Tracking of Respiratory-Induced Tumor Motion Using Implanted Fiducials
- To determine the safety of fiducial implantation.
- To determine the extent/rate of migration of radio-opaque fiducials placed in lung tumors and adjacent normal tissue.
- To compare real-time portal imaging-based fiducial tracking with measurement of three-dimensional motion by four-dimensional CT scanning to determine how many fiducials are needed to track a tumor.
- To determine if intra-fractional lung tumor motion changes during a course of treatment, and when during the treatment this occurs.
- To correlate the position of internal fiducials with the position of the external patient surface during respiration.
- To quantify the residual motion of the clinical target volume during radiotherapy gated using external fiducials.
- To verify the adequacy of the treatment portal margins in encompassing the residual motion of the clinical target volume.
- To determine if radio-opaque fiducial placement adjacent to the trachea (which does not move) can reduce daily setup inaccuracies, and so spare normal tissue.
- To determine the motion of hilar adenopathy (if any), and whether it correlates with motion of the primary tumor.
Procedure: CT Scans
Procedure: Implanted markers
Radiation: Radiation Treatment (RT)
|Study Design:||Endpoint Classification: Safety/Efficacy Study
Intervention Model: Single Group Assignment
Masking: Open Label
Primary Purpose: Treatment
|Official Title:||Assessment of the Reliability of Implanted Fiducials for Tracking of Respiratory-Induced Tumor Motion|
- Number of patients experiencing motion of one or more fiducials during the course of radiation therapy [ Time Frame: Baseline, 6 weeks ] [ Designated as safety issue: No ]
|Study Start Date:||April 2004|
|Study Completion Date:||December 2011|
|Primary Completion Date:||June 2007 (Final data collection date for primary outcome measure)|
|Experimental: Implanted Markers + CT + RT||
Procedure: CT Scans
CT scan performed weekly to measure how much the tumor moves + additional pulmonary function measurements.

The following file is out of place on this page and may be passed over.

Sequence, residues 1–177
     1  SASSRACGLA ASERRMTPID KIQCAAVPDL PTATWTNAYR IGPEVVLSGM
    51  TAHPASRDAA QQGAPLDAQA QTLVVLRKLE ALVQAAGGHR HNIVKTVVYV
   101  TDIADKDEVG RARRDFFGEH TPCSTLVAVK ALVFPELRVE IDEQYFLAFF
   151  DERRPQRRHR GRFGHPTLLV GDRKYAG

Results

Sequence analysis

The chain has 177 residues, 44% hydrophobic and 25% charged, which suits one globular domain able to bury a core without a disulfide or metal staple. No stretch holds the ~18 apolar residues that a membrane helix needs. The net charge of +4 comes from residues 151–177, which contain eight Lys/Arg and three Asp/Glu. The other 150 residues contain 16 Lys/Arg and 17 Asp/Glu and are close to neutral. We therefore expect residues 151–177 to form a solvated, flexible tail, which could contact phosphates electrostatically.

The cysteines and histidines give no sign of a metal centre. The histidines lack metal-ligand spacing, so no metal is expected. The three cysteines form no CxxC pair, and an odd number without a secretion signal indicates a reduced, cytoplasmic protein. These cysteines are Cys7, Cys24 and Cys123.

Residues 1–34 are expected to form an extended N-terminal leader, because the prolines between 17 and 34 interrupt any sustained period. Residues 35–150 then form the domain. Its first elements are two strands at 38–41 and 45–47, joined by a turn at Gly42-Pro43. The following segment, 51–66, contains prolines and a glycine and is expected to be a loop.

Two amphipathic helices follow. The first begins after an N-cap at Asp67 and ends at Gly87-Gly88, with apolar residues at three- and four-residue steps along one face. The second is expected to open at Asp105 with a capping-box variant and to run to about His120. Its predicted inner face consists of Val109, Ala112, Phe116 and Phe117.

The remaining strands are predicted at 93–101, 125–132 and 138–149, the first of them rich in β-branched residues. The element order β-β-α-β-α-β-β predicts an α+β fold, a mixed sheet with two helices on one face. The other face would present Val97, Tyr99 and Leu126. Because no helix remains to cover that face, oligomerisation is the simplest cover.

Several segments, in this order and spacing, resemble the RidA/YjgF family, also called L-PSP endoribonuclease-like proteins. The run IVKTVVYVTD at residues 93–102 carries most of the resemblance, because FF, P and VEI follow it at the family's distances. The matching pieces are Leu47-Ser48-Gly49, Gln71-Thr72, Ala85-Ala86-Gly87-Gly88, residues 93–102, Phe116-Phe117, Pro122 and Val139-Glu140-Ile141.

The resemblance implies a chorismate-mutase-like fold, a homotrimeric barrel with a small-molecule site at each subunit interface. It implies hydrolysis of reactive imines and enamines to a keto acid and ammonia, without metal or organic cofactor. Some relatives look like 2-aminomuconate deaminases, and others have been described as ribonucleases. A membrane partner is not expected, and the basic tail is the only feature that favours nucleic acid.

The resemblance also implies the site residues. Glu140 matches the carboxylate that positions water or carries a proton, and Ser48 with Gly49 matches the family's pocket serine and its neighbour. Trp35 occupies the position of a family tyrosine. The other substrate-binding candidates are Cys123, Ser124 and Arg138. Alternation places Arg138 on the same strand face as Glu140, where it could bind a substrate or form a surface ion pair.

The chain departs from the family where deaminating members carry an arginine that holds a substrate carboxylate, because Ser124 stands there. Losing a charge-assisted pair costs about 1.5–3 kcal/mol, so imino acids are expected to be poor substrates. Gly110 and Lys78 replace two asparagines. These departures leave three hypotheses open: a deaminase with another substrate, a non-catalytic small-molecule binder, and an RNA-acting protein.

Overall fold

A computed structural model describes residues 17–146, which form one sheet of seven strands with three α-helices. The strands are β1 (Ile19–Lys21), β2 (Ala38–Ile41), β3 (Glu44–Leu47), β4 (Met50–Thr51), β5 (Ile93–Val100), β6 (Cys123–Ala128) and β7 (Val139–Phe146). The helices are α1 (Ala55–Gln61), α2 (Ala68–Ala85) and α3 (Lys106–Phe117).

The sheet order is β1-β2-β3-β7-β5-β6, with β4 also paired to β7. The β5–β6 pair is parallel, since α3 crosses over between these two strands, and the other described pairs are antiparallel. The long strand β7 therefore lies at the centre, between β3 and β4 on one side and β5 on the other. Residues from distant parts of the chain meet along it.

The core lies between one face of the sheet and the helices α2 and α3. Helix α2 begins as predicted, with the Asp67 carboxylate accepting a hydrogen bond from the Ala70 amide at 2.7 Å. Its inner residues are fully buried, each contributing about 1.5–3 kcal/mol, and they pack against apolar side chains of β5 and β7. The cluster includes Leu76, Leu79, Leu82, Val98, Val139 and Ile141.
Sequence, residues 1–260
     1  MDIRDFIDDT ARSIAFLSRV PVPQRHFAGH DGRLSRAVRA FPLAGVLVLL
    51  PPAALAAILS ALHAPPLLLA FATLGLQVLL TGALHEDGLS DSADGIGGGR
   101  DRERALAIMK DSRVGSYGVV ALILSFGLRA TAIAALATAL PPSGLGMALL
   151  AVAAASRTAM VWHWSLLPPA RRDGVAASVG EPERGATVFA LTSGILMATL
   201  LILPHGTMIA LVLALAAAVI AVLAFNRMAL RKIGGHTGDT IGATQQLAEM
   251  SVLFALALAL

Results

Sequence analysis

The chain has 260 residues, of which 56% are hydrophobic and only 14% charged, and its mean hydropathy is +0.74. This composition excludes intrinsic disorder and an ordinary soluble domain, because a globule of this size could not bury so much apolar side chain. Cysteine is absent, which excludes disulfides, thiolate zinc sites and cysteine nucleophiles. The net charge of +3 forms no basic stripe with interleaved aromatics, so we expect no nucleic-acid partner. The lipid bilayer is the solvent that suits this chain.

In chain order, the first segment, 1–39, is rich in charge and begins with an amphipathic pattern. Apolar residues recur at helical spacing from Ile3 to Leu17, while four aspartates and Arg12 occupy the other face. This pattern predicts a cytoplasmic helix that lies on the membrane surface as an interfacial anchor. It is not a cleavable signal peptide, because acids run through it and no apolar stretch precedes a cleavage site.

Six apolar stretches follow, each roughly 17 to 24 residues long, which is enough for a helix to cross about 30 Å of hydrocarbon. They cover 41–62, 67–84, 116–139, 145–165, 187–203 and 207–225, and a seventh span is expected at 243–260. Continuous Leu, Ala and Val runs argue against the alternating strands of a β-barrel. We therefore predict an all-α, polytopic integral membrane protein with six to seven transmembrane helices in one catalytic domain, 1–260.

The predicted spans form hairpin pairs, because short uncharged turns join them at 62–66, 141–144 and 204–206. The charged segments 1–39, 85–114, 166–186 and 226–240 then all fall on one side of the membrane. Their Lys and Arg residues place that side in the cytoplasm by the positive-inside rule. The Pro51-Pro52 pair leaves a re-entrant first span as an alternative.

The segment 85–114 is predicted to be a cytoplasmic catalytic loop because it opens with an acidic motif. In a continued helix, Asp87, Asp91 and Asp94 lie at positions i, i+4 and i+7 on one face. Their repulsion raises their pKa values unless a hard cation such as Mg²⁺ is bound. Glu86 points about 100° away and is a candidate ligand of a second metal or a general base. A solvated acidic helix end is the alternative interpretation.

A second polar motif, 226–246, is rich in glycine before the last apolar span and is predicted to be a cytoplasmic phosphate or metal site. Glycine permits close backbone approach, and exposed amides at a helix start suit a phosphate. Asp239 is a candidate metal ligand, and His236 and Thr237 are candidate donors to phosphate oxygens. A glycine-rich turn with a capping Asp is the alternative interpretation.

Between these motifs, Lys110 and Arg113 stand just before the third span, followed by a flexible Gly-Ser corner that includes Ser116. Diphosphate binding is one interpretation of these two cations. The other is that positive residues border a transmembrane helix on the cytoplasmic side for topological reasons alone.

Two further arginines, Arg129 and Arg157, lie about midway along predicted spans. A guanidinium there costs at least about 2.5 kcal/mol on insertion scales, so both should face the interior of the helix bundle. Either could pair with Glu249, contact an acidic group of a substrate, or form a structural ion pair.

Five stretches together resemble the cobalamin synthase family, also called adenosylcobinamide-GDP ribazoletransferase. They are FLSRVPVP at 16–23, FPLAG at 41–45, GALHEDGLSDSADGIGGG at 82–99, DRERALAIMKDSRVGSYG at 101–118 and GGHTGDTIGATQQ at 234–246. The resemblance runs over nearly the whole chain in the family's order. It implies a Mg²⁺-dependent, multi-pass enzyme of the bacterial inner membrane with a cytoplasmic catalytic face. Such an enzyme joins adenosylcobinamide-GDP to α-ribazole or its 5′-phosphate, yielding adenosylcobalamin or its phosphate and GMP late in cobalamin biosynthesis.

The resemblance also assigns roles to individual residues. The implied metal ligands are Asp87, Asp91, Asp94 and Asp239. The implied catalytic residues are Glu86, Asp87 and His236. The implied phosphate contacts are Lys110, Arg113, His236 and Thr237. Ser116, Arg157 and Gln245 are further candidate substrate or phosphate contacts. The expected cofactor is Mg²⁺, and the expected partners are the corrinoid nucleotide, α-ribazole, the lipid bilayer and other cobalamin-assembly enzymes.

Other Names:Procedure: Implanted markers
Implanted radio-opaque fiducial markers, diameter of 1.0 - 2.0 mm, inserted through a catheter at several chest locations using a flexible bronchoscopeRadiation: Radiation Treatment (RT)
Radiotherapy incorporating respiratory treatment delivery
If you are eligible to take part in this study, you will have pulmonary (lung) function testing. This testing will involve your breathing through a mouthpiece and measuring the amount of air you breathe. This will provide information on how well your lungs work, and how your chest wall moves when you breathe.
You will then begin the normal treatment planning process. A bean-bag "cast" will be made for you to lie in during planning and treatment. This is done to lower day-to-day changes in your position. A CT scan will be taken with you breathing quietly, and possibly several X-rays will be performed as well. You will be marked with magic marker, and possibly have several permanent tattoos placed to help with daily positioning. These procedures normally take 1-2 hours.
Small metal markers (up to 5) will then be placed near your tumor. A thin, flexible tube with a camera, called a bronchoscope, will be used to place these markers in your lungs. You will be given a sedative through one of your veins and a local anesthetic will be sprayed in your nose and mouth before introducing the bronchoscope. The bronchoscope is introduced through one of your nostrils and then passed into your windpipe and bronchial tubes. This will allow the doctor to examine your lungs and place the small metal markers. These markers will be used to track the tumor during treatment. In this way the radiation treatment can be given to the tumor even if it moves while you breathe.
You will also have studies to measure how much the tumor moves. This will be done with several additional CT scans, typically taken on a weekly basis. Additional pulmonary function measurements will be taken during the CT scans. These measurements will allow researchers to monitor the movement of your tumor when you breathe. These procedures will normally take between 1 and 2 hours.
You will be on this study for the duration of your radiation treatments. You will be followed up an for an additional 4 - 6 weeks to make sure there are no complications from the study.
THIS IS AN INVESTIGATIONAL STUDY. A total of up to 30 patients will take part in this study. All will be enrolled at M. D. Anderson.
|United States, Texas|
|UT MD Anderson Cancer Center|
|Houston, Texas, United States, 77030|
|Principal Investigator:||George Starkschall, PhD||M.D. Anderson Cancer Center|